John Bercow

Women of no importance

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A Thousand Splendid Suns

Khaled Hosseini

Bloomsbury, pp. 384, £

The Kite Runner, said to be the first Afghan novel to be written in English, told an epic tale of individuals whose lives were lived across two continents amidst relentless political upheaval. Its author, Khaled Hosseini, stunned the critics with the extraordinary quality of that debut novel which has sold over eight million copies and will shortly be the basis of a film. All too often, the sequel to a fine book can disappoint. A Thousand Splendid Suns does not.

The story revolves around two women, Mariam and Laila, born a generation apart, whose lives come to be interwoven. Mariam is the illegitimate child of Nana and Jalil. The latter, who already has wives and children galore, is a successful businessman, reckoned to be a pillar of Afghan society and determined to deposit mother and daughter a safe distance from the prying eyes and wagging tongues of his community. Nana, bitter that she has been abandoned, feels a burning sense of injustice that Jalil has briefed his family to swallow the lie that she has forced herself on him. She tells an unreceptive Mariam, ‘Learn this now and learn it well, my daughter. Like a compass needle that points north, a man’s accusing finger always finds a woman. Always. You remember that, Mariam.’ Yet it is only as a teenager that Mariam begins to understand this lesson when Jalil, oily and deceptive, refuses publicly to acknowledge and embrace his daughter.

Mariam is forced to marry Rasheed, a shoemaker and sadistic brute, and is immediately subjected to his rudeness, contempt and violence. Enter Laila who has long nurtured a passionate love for one Tariq. Having been deceived into thinking him dead, Laila, utterly bereft, is inveigled into partnership with Rasheed, soon to be followed by children, while Mariam is required to continue as domestic serf. The day of reckoning comes for Laila. Previously content with one victim to beat senseless for any questioning, disagreement or imperfection, Rasheed now has another on whom to rain blows.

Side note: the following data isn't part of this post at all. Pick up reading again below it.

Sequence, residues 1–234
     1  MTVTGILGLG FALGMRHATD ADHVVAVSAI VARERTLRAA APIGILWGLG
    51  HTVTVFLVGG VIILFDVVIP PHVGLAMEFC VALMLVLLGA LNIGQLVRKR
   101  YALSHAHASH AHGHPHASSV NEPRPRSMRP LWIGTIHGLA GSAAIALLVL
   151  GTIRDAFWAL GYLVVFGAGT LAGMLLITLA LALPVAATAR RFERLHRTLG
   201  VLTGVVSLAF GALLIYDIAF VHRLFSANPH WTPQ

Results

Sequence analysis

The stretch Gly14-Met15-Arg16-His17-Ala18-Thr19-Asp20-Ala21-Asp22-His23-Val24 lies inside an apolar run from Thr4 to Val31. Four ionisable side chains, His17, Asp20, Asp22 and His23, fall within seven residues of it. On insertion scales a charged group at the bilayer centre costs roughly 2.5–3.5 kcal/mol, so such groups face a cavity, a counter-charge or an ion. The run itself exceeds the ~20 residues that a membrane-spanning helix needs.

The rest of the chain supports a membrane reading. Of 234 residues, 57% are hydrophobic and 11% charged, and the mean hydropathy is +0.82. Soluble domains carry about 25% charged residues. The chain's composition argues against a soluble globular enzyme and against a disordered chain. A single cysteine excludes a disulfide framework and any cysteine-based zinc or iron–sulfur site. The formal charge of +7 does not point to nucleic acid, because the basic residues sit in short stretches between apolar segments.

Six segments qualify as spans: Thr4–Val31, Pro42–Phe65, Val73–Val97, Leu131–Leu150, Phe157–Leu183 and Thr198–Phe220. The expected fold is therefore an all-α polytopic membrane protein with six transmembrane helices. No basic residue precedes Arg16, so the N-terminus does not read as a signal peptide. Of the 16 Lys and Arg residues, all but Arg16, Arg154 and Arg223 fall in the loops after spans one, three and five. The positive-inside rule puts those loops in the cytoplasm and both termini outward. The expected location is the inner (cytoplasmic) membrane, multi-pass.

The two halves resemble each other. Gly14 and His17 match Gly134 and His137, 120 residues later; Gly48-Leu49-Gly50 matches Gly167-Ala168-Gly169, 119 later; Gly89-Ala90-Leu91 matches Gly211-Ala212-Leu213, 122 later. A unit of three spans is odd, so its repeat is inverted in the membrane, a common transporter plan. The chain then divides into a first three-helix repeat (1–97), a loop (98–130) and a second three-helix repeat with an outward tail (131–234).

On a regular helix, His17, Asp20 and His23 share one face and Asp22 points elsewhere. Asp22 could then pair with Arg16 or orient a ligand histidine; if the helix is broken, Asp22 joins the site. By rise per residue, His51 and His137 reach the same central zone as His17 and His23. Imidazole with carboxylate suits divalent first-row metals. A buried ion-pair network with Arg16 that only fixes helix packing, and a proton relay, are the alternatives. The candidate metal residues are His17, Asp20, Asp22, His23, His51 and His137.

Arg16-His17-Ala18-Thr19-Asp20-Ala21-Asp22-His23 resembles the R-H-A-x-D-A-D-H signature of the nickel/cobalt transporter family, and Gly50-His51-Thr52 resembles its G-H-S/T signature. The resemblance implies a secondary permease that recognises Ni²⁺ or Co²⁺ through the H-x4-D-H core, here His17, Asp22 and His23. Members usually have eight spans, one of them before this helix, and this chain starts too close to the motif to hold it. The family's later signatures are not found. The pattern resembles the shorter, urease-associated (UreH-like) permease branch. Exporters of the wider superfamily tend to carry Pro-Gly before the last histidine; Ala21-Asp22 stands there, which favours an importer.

Hosseini is wise to the reality that submissiveness has its limits. Eventually, the two women, once foes, now friends, turn on their abuser to end their physical torture forever. Mariam pays the ultimate price, but Laila has the chance to rebuild her life with her first love.

The author is uncompromising both in his depiction of domestic violence and in his portrayal of the Taliban as bigoted, backward-looking and brutal in equal measure. And Mariam is a fine heroine. When her end is nigh, she persuades herself that she is somehow fortunate.

The reminder of the endless tribulations visited upon ordinary Afghans over nearly 30 years is worth hearing. Yet the war story is secondary to the message about hope, love and survival against the odds. Hosseini writes beautifully and is a natural storyteller.

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